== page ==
One Horse Town

Learned Vol. 2, Issue 2

It sure is hell living in a one-horse town. There ain't nothing to do, baby, in this one-horse town. I've seen the Mardi-Gras and I've been in one-horse towns. I was in some one-horse town, waiting for a plane. It's a one-way street in a one-horse town.

The list keeps growing. I've come to to find the name of a song I heard in a podcast. I didn't catch the name, just the phrase "king of a one horse town." And, truthfully, I've already found the song I was looking for (it’s linked below). But in searching for the song I wanted, I went down a rabbit hole of songs featuring the idiom "one-horse town."

It's a long, long list and the songs cover a wide swathe of genres from blues to country to rock to punk and every flavor and combination therein. In the paragraph at the top of this issue, you've got everyone from Elton John to Gordon Lightfoot to the Clash. So, what gives? What is it about this idiom that makes it so popular for songwriters?

According to the dictionary (see below), "one-horse" town just means, small town. Some dictionaries add in qualifiers like "of no consequence" or "with few amenities," and that can make it an attractive bit of flavor for a writer. After all, it's not often you find an idiom that so colorfully describes the actual thing; I mean, if you use a hyphen the idiom is even the same length as it's meaning! But I don't think that's the only, or even the main, reason why it's used so often.

Reading randomly through the lyrics of several songs that are unfamiliar to me, the two emotions or moods that seem to be paired with one-horse town are either confinement or abandonment. Every protagonist is either stuck in their one-horse town (by the law, by a commitment to a lover, by a lack of means to escape) or, they are wandering from one small town to another (avoiding the law, running from or searching for a lover, and lacking the skills or means to stay in one place for long).

Here are a few more examples:

I'm from a one-horse town. I currently live in a one-horse town, albeit one thousands of miles and a vast cultural gap from the one I grew up in. I can identify with the feelings in these songs - some days more than others, of course - but...I think most of us can and that's why the idiom has come to carry the weight that it does. A small town is just a small town. Could be good, could be bad. But, a one-horse town? No, thanks. I think I’ll follow a different idiom...

“One-horse town.”


Oxford Dictionary of Word Origins

A one-horse town is a small town with hardly any facilities, particularly in the USA. Such towns are associated with the Wild West and the term is first recorded in a U.S. magazine of 1855. The previous year, though, there is a record of a specific place of that name: ‘The principal mining localities are…Whiskey Creek, One Horse Town, One Mule Town, Clear Creek (etc.)’.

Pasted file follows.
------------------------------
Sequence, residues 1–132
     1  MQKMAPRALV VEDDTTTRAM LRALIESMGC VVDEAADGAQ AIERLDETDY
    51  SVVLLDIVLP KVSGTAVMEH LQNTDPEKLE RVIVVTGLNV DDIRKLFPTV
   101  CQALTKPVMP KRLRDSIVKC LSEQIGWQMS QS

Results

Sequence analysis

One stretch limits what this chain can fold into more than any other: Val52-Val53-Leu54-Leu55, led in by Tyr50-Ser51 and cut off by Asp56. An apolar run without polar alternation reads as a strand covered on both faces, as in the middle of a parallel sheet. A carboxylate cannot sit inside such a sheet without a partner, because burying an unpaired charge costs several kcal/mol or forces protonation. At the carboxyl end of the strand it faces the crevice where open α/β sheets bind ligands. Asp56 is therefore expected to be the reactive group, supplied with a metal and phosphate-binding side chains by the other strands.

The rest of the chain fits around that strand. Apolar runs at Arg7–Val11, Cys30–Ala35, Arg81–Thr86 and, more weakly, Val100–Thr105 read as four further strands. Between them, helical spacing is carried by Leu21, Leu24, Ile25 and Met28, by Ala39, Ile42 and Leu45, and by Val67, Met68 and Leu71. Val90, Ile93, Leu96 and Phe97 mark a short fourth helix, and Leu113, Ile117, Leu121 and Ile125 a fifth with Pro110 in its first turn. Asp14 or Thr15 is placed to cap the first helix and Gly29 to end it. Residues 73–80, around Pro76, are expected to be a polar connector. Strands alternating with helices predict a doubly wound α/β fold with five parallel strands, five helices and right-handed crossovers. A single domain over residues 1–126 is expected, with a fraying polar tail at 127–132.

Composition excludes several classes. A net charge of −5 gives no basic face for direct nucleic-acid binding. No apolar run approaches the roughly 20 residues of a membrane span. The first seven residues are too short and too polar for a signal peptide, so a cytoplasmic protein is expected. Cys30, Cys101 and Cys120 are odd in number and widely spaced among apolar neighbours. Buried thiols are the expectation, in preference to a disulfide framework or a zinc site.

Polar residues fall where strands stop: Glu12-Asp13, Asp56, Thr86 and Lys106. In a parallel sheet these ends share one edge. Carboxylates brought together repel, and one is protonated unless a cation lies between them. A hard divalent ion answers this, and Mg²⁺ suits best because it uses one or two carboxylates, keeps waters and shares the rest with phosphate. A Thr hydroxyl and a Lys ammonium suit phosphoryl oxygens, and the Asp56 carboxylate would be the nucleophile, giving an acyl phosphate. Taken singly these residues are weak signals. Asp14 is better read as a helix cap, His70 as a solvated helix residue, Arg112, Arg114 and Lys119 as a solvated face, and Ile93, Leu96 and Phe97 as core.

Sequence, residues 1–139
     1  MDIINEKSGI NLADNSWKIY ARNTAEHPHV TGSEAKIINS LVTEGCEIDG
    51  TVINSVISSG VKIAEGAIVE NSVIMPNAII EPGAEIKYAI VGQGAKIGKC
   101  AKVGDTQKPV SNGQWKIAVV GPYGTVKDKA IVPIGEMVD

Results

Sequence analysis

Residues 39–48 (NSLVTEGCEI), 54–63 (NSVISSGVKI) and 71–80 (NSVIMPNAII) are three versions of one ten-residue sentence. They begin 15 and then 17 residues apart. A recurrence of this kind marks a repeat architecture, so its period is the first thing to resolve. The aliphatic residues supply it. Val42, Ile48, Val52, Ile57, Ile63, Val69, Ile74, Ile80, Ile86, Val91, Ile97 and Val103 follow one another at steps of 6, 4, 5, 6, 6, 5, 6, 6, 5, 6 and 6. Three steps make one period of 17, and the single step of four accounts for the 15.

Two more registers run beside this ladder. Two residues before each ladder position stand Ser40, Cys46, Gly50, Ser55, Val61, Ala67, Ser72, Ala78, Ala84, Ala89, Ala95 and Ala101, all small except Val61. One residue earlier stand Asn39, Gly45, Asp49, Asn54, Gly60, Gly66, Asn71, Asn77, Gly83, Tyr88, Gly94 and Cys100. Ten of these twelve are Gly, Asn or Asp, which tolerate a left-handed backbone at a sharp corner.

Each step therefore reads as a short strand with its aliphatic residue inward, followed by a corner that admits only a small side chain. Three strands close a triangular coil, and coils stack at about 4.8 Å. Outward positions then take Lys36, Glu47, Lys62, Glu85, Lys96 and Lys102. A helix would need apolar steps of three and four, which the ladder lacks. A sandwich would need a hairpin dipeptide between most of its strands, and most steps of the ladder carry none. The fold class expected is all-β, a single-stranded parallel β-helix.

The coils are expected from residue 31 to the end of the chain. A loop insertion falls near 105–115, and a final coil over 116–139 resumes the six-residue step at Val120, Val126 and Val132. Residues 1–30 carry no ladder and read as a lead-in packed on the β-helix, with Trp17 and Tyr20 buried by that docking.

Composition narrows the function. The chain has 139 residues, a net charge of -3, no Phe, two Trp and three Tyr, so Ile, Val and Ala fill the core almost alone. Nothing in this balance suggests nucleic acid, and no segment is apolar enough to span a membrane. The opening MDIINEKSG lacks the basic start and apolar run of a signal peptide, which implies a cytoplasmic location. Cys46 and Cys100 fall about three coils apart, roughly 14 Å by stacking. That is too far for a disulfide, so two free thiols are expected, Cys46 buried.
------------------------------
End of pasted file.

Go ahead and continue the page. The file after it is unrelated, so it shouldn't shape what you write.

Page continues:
Bees Knees and Barmy Armies - Origins of the Words and Phrases we Use Every Day

Most of us have come across a ‘one-horse town’ - some of us live in one - for it is quite simply a very small and sleepy town where very little happens. Almost every Western movie ever made features such a town, and the expression is indeed American in origin. This vivid image was first used there in the nineteenth century to depict a community so small that a single horse would be enough to meet its needs. (Author - Harry Oliver)


The term "one-horse" originated as an agricultural phrase, meaning 'to be drawn/worked by a single horse.' This led to the use of this phrase in a metaphorical sense as something that is small or insignificant. Charles Dickens explained in his publication All the Year Round (1871): 'One horse' is an agricultural phrase, applied to anything small or insignificant, or to any inconsiderable or contemptible person: as a 'one-horse town,' a 'one-horse bank,' a 'one-horse hotel,' a 'one-horse lawyer', [etc.]

The Word Detective:

“One-horse” first appeared in print in the 1730s meaning “Of a vehicle or machine: pulled or worked by a single horse. Also, of a person: having or using only one horse” (OED). A “one-horse” carriage was a small rig, and a “one-horse” business was a humble operation (“‘One-horse farmers’ … had to struggle with the inconvenience of borrowing and lending horses,” 1887). By the mid-19th century the adjective “one-horse” had come to mean “small-scale” or “insignificant” in a general colloquial sense, and was applied to things that had no connection to actual horses, as it still often is…

Notable Events of the year 1855

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Not to beat a dead horse (sorry, not sorry), but one of the more interesting things I found while trying to learn the origins of today’s idioms was just how common it is. In between all the different definitions and origin stories were dozens of newspaper, magazine, and scholarly articles that use some version of “one horse town” in a headline or three. Here are some interesting ones:

Next Time: King for a day, fool for a lifetime. That’s it. Stay strong, stay curious. Learn something.